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How the UN thinks virtual reality could not only build empathy, but catalyze change, too

Clouds Over Sidra
Technology is hoping to turn empathy into action. Or at least, the United Nations is hoping to do so. The intergovernmental organization is more than seven decades old at this point, but it’s constantly finding new ways to better the world’s citizenry. And the latest tool in its arsenal? Virtual reality.

Last year, the UN debuted its United Nations Virtual Reality, which uses the technology to advocate for communities the world over. And more recently, the organization launched an app made specifically for virtual reality films. First debuted at the Toronto International Film Festival, this app encourages folks to not only watch the UN’s VR films, but to then take action by way of donations or volunteer work.

The initiative is the brainchild of UN creative director Gabo Arora. Currently, audiences can experience life with a 12-year-old girl in a Syrian refugee camp in Clouds Over Sidra, see the world through the eyes of an Ebola survivor in Liberia in Waves of Grace, or journey to Gaza with a mother lost two young sons in the bombing of the UNRWA school in My Mother’s Wing. But simply sharing these stories is no longer enough; Arora and the UN are seeking to catalyze action that will improve the lives of these individuals, and those like them.

“There’s so much that’s so abstract at the UN and in policymaking,” Arora told Engadget, but the VR experience and companion app makes this work a big more tangible. “It shows the power of storytelling for impact,” he continued, “The power of storytelling in diplomacy and foreign affairs. Which I don’t think has been able to happen until now.”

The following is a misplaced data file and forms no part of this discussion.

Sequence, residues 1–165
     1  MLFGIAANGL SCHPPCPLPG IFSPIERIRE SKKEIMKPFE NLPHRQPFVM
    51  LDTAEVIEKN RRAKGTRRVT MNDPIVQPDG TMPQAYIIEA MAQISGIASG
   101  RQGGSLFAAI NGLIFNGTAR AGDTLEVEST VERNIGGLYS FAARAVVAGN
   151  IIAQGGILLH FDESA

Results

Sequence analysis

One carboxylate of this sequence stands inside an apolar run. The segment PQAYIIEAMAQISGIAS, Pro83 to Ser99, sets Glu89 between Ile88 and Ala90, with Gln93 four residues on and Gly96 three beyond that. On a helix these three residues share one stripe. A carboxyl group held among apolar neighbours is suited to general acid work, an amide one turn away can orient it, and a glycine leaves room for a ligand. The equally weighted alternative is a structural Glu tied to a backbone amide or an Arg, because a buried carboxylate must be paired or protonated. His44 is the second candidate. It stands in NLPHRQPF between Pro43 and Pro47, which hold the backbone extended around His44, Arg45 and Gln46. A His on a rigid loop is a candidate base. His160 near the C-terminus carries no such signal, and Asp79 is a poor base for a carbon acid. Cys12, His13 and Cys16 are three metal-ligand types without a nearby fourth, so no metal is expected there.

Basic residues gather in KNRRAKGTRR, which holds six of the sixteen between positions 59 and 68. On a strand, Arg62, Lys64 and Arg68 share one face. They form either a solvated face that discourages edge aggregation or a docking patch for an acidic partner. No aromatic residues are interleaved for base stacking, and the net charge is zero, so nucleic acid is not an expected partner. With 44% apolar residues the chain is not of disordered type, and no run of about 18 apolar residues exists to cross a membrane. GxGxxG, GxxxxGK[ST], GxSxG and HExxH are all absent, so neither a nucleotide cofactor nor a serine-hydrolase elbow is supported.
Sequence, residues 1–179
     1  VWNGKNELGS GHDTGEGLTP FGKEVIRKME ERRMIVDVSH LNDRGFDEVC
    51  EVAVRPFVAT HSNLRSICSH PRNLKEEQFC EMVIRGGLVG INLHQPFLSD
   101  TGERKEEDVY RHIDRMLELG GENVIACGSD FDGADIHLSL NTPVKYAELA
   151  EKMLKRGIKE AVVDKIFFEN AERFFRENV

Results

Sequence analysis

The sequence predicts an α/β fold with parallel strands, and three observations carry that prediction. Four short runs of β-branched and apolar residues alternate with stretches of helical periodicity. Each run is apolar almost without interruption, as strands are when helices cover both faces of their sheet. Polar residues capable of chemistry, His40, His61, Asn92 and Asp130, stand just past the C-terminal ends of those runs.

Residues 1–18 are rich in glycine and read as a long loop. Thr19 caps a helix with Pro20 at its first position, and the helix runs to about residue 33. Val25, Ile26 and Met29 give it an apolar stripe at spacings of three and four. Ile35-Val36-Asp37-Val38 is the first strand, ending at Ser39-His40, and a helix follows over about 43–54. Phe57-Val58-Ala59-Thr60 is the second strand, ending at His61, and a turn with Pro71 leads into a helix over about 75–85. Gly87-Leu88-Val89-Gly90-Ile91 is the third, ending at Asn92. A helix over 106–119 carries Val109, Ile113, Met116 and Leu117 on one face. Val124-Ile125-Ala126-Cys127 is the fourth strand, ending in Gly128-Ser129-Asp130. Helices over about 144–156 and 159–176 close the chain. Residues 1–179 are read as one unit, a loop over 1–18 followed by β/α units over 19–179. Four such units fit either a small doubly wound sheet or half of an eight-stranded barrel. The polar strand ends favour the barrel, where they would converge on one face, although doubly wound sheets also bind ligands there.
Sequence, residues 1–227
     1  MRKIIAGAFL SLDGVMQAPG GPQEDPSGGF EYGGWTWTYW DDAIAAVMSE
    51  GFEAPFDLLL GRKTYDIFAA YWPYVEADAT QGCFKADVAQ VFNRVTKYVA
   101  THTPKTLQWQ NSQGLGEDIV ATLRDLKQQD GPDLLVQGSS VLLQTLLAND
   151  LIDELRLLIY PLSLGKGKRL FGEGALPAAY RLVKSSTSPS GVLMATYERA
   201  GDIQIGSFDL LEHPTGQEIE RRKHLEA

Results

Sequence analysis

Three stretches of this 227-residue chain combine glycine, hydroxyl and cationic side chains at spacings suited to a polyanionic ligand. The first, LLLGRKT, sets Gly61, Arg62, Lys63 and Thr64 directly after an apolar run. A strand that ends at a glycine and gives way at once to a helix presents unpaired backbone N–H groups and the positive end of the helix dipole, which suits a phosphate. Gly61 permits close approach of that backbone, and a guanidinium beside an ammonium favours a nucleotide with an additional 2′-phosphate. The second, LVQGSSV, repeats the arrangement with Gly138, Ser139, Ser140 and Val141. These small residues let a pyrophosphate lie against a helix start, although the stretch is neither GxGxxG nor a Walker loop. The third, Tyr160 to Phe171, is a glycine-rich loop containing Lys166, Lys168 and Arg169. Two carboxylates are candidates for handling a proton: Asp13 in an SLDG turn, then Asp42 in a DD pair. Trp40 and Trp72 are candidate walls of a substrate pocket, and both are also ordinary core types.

And indeed, it does seem powerful. At the very least, it helps fill the coffers. Last year, when a fundraising conference played Clouds Over Sidra for attendees, the UN managed to raise $3.8 billion, exceeding its projections by more than 70 percent. A UNICEF fundraising program determined that after watching the VR film, audiences donated at twice the rate as those who did not see such a film at a similar event.

So now, the UN is trying to capitalize upon this boost, specifically with the VR app. “With the app, we make it so that when you finish watching the film, there’s an action button on the app that leads to a menu of actions,” Arora explained. “Through this you will be able to donate money, get involved with organizations in Canada, donate your time or extra things lying around.” Volunteers can do anything from teaching English, to mentoring a family, to inviting refugees over for dinner. And while the initial focus of the app is the refugee crisis in Canada, Arora sees a much greater application of both VR and the application down the line.

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